if you aren't sure of the difference, you will likely not notice a
    difference between any of them.

    All- aluminium seems to be the cheapest way to make a bike frame, and
    very good aluminium ones can still be found. Saving money here allows
    better stuff elsewhere, like in the wheels for exmaple.

    Whatever you do, stay away from Bamboo ! :)
     
  3. "Craig" wrote:
    > I've been looking around for a new road frame for the past few months and
    > every single frame seems to have some carbon thrown onto it somewhere or
    > another. Carbon seat stays, carbon chain stays. All the blurbs claim

    that
    > this wonderful bit of carbon will make the frame a dream to ride!

    Reducing
    > road vibration, smoothing out the bumps, etc. What gives???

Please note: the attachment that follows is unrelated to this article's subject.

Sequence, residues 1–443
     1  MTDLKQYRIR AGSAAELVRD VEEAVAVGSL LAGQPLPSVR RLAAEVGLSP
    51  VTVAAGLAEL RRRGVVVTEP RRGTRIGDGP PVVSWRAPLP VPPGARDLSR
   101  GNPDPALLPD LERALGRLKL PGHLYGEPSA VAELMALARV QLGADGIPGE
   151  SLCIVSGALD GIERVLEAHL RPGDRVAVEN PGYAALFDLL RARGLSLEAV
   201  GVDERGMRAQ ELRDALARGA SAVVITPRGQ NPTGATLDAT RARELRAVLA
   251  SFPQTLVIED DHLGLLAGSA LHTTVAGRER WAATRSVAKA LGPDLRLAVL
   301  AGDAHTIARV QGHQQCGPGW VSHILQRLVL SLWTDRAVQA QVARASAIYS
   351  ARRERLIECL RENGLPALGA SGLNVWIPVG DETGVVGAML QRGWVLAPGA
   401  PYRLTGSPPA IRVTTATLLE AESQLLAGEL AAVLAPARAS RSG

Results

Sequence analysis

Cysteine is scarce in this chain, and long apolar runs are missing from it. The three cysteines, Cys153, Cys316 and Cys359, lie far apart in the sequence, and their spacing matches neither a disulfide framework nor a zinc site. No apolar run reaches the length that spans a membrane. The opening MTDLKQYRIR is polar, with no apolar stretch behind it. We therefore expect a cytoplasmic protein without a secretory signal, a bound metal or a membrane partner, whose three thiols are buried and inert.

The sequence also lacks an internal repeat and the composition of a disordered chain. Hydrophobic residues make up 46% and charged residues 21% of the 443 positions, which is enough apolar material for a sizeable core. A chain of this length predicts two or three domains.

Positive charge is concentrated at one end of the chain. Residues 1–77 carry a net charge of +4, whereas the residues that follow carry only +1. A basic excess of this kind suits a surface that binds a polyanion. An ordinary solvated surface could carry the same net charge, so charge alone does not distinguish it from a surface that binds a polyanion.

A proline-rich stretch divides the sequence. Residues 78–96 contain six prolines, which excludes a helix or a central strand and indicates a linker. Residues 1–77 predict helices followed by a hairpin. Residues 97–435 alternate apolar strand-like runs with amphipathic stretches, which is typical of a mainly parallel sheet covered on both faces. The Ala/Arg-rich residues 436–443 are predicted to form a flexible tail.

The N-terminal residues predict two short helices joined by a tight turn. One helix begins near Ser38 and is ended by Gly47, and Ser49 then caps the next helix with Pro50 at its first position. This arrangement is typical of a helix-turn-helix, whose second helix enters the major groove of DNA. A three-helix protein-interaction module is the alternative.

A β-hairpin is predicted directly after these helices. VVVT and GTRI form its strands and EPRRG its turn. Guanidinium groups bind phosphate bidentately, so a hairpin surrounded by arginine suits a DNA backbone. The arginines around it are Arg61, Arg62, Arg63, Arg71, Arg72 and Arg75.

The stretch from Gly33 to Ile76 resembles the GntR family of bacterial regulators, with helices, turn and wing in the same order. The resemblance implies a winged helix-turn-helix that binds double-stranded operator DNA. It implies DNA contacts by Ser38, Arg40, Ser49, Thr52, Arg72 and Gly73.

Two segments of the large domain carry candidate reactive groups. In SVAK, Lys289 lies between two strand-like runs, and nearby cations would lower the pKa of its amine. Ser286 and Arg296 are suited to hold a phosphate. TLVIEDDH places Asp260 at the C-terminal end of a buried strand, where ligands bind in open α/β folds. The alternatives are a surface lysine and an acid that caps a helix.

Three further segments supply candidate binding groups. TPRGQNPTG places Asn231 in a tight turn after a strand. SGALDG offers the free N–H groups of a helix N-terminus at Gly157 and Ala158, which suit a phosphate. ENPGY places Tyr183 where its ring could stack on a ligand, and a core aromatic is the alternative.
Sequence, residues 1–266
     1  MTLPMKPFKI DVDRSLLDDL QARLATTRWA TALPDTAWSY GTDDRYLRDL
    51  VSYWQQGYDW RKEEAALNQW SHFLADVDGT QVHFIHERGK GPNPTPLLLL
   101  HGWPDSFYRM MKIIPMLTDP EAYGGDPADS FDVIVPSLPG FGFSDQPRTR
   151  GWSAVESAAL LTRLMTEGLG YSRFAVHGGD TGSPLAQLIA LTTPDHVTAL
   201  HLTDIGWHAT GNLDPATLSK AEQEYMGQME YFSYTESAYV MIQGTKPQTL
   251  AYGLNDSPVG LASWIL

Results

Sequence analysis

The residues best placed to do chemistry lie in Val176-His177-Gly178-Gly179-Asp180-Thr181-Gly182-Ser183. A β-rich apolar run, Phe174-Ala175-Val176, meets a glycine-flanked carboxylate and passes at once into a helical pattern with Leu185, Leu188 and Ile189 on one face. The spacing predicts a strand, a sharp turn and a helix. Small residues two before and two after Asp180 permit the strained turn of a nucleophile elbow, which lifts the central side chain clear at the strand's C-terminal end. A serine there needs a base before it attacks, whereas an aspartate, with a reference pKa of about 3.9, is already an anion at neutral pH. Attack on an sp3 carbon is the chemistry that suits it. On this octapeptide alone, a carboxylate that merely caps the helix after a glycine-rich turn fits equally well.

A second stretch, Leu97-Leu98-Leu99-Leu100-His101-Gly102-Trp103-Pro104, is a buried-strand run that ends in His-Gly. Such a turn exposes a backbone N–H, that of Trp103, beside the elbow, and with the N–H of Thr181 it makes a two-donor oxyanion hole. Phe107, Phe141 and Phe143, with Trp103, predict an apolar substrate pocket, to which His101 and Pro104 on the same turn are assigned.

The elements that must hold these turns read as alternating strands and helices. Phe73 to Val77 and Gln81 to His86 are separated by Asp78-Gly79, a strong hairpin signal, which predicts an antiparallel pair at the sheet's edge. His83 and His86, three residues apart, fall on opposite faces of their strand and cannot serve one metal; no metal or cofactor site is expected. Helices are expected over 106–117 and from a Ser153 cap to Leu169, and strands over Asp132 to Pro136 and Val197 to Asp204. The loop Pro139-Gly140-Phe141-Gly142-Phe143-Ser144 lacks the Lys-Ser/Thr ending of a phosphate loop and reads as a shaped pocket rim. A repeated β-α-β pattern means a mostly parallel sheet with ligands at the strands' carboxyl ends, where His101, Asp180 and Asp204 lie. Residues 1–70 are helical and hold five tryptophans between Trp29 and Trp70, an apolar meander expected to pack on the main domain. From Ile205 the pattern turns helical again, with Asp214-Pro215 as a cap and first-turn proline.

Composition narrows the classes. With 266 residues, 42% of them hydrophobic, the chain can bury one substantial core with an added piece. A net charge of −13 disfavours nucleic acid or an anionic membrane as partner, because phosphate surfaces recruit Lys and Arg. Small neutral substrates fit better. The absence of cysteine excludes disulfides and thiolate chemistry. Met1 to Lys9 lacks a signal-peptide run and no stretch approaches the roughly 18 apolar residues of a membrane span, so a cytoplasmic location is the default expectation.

That's been the fad for the last 1-2 years. Just another marketing ploy
    (like "S" shaped stays) to convince folks they need a new bike.

    Art "My SL frame turned 20 in May" Harris
     
  4. jim beam

    jim beam Guest

    my experience of owning several different brands of carbon forks & seat
    posts is that they /do/ give a more comfortable ride. presumably carbon
    seat stays would be the same - i tested a giant tcr and it was almost
    freakily smooth on rough surfaces. personally however, if i were buying
    a mixed material frame, i'm not sure i'd want a frame with carbon chain
    stays - i want them stiff.

    would i spend a lot of extra cash for a frame with carbon stays?
    probably not. a carbon seat post works brilliantly and is a lot cheaper.

    Craig wrote:
    > I've been looking around for a new road frame for the past few months and
    > every single frame seems to have some carbon thrown onto it somewhere or